Om from home

Photo by Dan Walton

With no plans in place for a 2020 BC Buddhist Festival, Vesak celebrations – the annual holiday of Buddha’s birth, enlightenment and death – may have to take place from home this year to adapt to the measures in place to deal with COVID-19.

The BC Buddhist Festival usually draws large turnouts for the celebration of Vesak. Normally, thousands of Buddhists would be assembling at Queen Elizabeth Park for a day of traditional music, art, dancing, and vegetarian food, with many attendees wearing their saffron robes and dresses.

“When Buddhists gather together from around the world – with similar centers doing similar meditations at the same time – it makes for very strong prayers on days like that,” says Kelsang Sanden, principal teacher at the Kadampa Meditation Centre in Vancouver.

The holiday is observed on a different day each year, during the full moon of Vesakha (an ancient lunar month), which falls between April and June on the Gregorian calendar. In 2020, Vesak falls on May 7 ( date varies).

“It’s a time for an in-depth exchange of ideas. There are so many unique Buddhist traditions and they have different norms established,” Sanden says, adding that the Kadampa Meditation Centre follows the Mahayana teachings of Buddhism, which recognize the holiday as “Buddha’s Enlightenment Day.”

Enlightenment of the Buddha

Although traditions vary among Buddhist communities, there is consensus about the significance of Buddha’s enlightenment.

“It’s when he demonstrated the potential all human beings have for obtaining enlightenment,” explains Sanden. “It’s about showing everyone what they can achieve – it’s profoundly hopeful. It reminds us not to be judgemental of others, even if they’ve messed up in this life, it doesn’t mean they won’t become amazing, or that they can’t achieve great things after enlightenment. Whatever issues are going on with a person right now, that’s not the main thing – the main thing is they can achieve enlightenment.”

Given the social distancing practices presently in place, Buddhists will still be able to meditate in unison on Buddha’s birthday, albeit not from the same location.

“We do prefer meeting in person, because if you’re around other meditators it’s easier to find yourself meditating, especially for people who are not very strong in meditation practice,” Sanden says. “Instead of consuming too much news and getting wound up and stressed about things, meditation allows you to spend time with a group of people doing the opposite, being surrounded by people who want to be more peaceful and that group energy has something to it. We still check in on the news, but we actively try to not get wound up.”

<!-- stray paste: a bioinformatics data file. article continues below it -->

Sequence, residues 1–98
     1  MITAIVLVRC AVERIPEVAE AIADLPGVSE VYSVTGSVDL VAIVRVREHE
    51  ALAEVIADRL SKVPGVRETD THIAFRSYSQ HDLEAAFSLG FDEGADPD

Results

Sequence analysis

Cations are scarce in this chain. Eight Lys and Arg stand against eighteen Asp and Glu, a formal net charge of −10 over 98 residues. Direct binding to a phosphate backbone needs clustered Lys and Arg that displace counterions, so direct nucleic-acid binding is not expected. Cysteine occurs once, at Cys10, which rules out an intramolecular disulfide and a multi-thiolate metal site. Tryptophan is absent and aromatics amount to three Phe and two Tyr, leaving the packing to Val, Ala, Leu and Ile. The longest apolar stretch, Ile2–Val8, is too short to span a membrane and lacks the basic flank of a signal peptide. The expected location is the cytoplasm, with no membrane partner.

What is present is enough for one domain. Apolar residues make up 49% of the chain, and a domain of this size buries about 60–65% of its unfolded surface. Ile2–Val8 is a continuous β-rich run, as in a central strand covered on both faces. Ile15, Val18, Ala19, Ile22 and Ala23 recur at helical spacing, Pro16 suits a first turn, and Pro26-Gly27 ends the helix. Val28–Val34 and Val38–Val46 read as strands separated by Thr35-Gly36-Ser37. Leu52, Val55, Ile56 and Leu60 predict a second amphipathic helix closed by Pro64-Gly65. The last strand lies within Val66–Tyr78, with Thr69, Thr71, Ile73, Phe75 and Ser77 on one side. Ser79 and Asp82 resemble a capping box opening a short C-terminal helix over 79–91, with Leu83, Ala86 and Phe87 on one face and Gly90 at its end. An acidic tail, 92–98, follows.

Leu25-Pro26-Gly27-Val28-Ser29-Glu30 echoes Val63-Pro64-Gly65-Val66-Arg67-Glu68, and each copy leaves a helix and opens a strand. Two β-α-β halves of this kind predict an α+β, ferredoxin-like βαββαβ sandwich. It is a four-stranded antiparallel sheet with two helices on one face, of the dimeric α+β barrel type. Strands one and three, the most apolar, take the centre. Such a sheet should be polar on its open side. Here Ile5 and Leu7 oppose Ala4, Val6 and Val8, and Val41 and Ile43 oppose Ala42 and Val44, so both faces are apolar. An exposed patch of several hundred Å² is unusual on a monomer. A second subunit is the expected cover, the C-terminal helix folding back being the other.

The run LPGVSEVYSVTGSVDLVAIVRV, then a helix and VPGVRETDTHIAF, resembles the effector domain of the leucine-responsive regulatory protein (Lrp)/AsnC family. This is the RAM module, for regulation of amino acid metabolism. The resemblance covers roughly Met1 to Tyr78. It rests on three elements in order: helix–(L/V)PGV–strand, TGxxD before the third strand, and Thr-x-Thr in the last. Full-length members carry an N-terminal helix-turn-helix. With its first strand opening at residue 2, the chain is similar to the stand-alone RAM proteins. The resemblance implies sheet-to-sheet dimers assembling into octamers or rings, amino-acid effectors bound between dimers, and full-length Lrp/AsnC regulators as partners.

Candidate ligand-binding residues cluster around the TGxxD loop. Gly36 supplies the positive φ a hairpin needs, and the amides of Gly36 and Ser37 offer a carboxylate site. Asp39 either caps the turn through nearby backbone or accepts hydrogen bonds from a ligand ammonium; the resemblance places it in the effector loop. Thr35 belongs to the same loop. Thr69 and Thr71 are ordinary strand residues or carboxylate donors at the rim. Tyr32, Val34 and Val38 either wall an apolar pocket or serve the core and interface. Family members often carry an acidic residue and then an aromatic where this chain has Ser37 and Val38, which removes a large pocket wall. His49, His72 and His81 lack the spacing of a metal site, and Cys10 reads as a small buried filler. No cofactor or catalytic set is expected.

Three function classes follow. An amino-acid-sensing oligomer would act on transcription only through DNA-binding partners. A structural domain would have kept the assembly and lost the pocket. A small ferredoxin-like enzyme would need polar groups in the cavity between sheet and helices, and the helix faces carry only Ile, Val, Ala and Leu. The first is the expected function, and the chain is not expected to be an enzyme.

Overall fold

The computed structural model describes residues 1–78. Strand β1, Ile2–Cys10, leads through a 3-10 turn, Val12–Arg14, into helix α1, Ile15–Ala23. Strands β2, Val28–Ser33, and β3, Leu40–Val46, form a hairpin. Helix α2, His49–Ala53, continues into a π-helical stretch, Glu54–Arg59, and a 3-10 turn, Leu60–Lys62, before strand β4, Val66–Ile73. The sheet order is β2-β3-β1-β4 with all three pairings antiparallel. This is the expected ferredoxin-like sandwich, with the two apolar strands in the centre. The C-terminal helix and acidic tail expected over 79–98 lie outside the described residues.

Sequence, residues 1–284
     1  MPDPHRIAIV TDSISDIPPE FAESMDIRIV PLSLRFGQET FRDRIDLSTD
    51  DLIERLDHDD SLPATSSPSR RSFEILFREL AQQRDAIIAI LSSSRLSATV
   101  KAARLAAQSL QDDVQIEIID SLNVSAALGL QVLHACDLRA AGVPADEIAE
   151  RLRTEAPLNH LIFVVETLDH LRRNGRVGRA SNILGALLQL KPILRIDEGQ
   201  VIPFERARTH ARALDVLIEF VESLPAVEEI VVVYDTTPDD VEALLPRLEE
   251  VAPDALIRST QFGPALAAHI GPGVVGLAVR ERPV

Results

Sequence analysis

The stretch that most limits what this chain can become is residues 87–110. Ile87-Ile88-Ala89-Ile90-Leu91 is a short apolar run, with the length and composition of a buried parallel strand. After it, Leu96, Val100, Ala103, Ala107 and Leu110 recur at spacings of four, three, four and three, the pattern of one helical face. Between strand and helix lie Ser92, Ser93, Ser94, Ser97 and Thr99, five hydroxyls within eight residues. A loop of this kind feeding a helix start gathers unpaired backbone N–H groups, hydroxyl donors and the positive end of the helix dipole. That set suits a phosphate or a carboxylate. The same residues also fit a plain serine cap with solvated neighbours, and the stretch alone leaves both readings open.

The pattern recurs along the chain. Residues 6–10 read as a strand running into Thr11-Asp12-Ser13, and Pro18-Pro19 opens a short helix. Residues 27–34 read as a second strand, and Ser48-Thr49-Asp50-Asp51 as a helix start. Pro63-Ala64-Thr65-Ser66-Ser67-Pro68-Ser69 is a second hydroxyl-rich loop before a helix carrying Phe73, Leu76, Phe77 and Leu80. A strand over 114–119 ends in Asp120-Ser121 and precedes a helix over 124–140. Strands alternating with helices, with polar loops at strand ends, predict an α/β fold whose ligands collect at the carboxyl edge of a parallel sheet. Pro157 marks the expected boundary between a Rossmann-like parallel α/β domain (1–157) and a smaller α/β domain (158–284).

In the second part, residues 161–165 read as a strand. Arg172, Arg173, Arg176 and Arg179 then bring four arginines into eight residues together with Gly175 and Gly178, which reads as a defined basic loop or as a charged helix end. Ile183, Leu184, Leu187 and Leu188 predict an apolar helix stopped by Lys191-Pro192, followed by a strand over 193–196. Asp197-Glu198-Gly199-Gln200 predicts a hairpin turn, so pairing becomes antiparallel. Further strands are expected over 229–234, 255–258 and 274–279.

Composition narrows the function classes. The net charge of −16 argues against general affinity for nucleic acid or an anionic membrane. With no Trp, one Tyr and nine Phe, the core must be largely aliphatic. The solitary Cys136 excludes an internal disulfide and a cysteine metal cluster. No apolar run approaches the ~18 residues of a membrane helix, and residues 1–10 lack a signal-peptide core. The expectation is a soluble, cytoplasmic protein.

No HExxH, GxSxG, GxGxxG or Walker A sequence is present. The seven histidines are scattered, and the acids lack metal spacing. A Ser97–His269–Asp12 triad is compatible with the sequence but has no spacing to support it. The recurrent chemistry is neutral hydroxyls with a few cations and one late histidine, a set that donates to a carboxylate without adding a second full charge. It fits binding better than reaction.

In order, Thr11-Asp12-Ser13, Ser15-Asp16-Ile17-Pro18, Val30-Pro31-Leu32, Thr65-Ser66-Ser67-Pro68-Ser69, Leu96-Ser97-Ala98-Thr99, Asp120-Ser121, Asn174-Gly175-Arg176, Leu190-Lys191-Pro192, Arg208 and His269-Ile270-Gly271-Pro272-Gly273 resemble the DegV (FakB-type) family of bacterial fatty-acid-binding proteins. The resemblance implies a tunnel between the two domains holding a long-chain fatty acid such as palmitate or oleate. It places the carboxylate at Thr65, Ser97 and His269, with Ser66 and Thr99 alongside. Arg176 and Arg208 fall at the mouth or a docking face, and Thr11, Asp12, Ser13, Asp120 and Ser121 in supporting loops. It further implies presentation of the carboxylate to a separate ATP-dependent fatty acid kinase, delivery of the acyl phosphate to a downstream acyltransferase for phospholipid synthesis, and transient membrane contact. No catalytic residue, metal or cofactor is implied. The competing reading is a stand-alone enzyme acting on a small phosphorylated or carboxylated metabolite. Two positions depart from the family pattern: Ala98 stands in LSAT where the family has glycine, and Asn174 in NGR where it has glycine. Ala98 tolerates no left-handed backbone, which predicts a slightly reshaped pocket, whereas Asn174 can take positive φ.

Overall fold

Streaming ceremonies to compensate

While there are no plans to celebrate the BC Buddhist Festival this year, organizers are offering worshippers the option to celebrate Vesak with them from home. No matter where the holiday is observed, the goal remains the same: for people to find peace, mindfulness, love, compassion, and wisdom. And like many temples and meditation centres in Vancouver, Kadampa is hosting virtual gatherings, allowing worshippers to begin their day with a formal ceremony online.

“There are special intentions to start the day, intentions to carry through the whole day, where we recognize the potential of all living beings to achieve enlightenment,” says Sanden. “Then for the rest of the day the idea is only to have good intentions towards other living beings. When you sit down to meditate, the whole day will be happening in the context of that greater awareness. It’s not just meditating on behalf of yourself but on behalf of everybody, fostering that feeling of connection. It is a lot more intense than just fitting meditation into a regular day.”

Even though he sees more value in physically attending spiritual gatherings, Sanden suspects virtual ceremonies will remain relevant in the future, even after the world opens back up.

“I think people will be shy about gathering in large groups for quite a while. Live streaming can be an effective way to help people connect in the meantime,” he adds.

Hindering such a sacred tradition is a major drawback of social distancing measures, but Sanden has noticed many positive effects come from the drastic changes over the past month.

“One of the upsides of COVID at the moment – not to say it doesn’t come with all sorts of problems – but its presence has made humans realize that other human beings aren’t their enemy; it’s this illness,” he says. “When I was out walking, there were not a whole lot of people out there, we were all meeting eyes and waving to each other at a good distance. People were showing that feeling of connection when normally we would be too busy to notice each other.”

For more information, please visit: Kadampa Meditation Centre at